Search engine result pages include multiple positions for paid results, and in most cases, there will be multiple advertisers vying for the best placement, the position at the top of the page. Google determines ad position based on the Ad Rank of each competing advertiser. Your Ad Rank score is based on your bid, the quality of your ad, the quality of your landing page, and the inclusion of any ad extensions (features that show additional business information, like a phone number). The ad with the highest Ad Rank gets top placement.
“Quality,” in this case, primarily means how relevant your ad text and landing page are to the keyword you’re bidding on. Google’s goal is to ensure that paid ads are actually useful and interesting to search users. For optimum placement, it’s best to create a separate ad tailored to each set of closely related keywords, rather than use a single ad for a larger campaign with many keywords. For example, if you sold vintage 80s action figures, you would want to create a “Star Wars Action Figures” ad for keywords like “star wars action figures,” “star wars figures,” and “star wars toys,” and a separate “He-Man Action Figures” ad for “he-man action figures,” “he-man figures,” and “he-man toys,” rather than lumping all keywords under an ad for “Classic Action Figures.”
Ad position determines your actual cost per click as well. You don’t pay your maximum bid amount: You pay just enough to beat the maximum bid of the advertiser in the ad position below yours.
Paid search is well suited to driving a specific conversion, such as making a sale or filling out a lead generation form. A standard approach is to link to a landing page that offers valuable content in exchange for filling out a form.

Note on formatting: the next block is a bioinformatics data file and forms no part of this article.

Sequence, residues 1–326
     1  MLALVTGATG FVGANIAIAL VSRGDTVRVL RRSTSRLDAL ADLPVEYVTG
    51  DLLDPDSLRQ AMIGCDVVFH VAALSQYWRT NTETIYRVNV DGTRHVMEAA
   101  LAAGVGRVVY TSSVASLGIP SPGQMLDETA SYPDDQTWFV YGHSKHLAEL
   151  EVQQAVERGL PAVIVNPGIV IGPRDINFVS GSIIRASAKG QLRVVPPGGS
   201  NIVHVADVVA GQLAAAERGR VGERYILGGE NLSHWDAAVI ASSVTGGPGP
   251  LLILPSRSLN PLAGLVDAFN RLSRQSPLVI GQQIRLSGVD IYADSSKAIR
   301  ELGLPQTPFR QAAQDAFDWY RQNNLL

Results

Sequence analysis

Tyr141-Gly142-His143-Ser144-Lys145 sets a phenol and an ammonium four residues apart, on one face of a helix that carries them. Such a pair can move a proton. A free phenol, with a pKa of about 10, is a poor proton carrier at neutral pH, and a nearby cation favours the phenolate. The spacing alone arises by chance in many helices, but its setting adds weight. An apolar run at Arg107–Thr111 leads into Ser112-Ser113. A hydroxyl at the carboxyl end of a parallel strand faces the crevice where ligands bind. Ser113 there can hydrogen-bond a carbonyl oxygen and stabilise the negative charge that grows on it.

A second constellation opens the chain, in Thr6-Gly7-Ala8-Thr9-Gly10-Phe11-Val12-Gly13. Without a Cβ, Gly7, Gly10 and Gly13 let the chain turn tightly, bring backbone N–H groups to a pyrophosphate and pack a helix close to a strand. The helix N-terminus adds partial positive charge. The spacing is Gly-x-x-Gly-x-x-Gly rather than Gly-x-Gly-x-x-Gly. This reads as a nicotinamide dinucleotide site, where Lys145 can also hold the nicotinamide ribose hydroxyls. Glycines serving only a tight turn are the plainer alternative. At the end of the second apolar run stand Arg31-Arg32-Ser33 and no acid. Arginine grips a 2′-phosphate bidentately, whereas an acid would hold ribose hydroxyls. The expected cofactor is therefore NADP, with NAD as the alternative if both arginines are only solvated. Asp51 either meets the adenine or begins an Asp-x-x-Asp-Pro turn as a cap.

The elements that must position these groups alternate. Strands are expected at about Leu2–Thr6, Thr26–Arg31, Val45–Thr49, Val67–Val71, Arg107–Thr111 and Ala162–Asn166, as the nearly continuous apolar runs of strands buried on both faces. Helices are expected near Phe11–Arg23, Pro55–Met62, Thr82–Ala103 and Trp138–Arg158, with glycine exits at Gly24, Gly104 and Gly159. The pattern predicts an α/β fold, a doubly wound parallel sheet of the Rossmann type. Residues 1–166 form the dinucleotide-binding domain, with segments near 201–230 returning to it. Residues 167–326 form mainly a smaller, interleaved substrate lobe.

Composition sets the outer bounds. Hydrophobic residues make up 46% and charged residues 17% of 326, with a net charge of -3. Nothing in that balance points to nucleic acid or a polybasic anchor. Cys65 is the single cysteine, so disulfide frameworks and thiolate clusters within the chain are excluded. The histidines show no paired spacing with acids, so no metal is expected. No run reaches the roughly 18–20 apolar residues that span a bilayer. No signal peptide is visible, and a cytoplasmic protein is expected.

However, it’s also a great fit for crisis communications, competitive positioning, and new media opportunities. For example:
- You can target search terms related to negative news coverage with links to material clarifying the facts and your brand’s position.
- You can target search terms related to a competitor to make sure a user who searches for those terms also learns about your own product or service.
- You can target search terms related to a recent major media hit to help surface the story to a larger audience, especially if the news will interest users outside your typical audience.
With AdWords, you can target ads for an exact keyword phrase, simple variations on a phrase (a target phrase plus additional words), or a broad grouping of similar phrases. One common strategy is to start with a broad match, monitor how different keywords perform, and then narrow the target to the best-performing phrases.
The secret of paid search success is a cycle of testing and refinement. By trying out variations on ad text, landing page experience, and targeted keywords, and by tracking impressions and clicks, you can figure out what approach yields the best click-through rate (percentage of total impressions that result in a click on your ad) and conversion rate (percentage of impressions that result in a conversion, like a sale, form submission, or content download).
For more information about our team and approach, or to learn how we can help your organization with digital strategy, development and measurement, please visit the PNConnect site.
Mary Gaulke wrote this month’s Feature about getting evergreen value out of short-term content. Erik Sebellin-Ross in San Francisco created our Guide to paid search and Miguel Rubio in Madrid took the hot seat for On Workflow. Stephanie Pham and Mark Avera in Atlanta contributed stories and insights for the Social Networking Stats section, while Mary Gaulke provided the latest stats. Christopher Barger in Detroit, Mary Gaulke, and Erik Sebellin-Ross compiled stories and insights for Noteworthy News and Advertising Trends. Brittany Dixon in San Francisco shared our Case Study on Applied Materials.
Mary Gaulke photographed our cover and welcome backgrounds. Some backgrounds courtesy of subtlepatterns.com.
Thanks to Jennifer Laker, Jeff Stieler, and Pete Schiebel from the Platforms team for providing design and development support, and to Mary Gaulke, Tom Harris, and Chris Thilk for editorial oversight and proofing.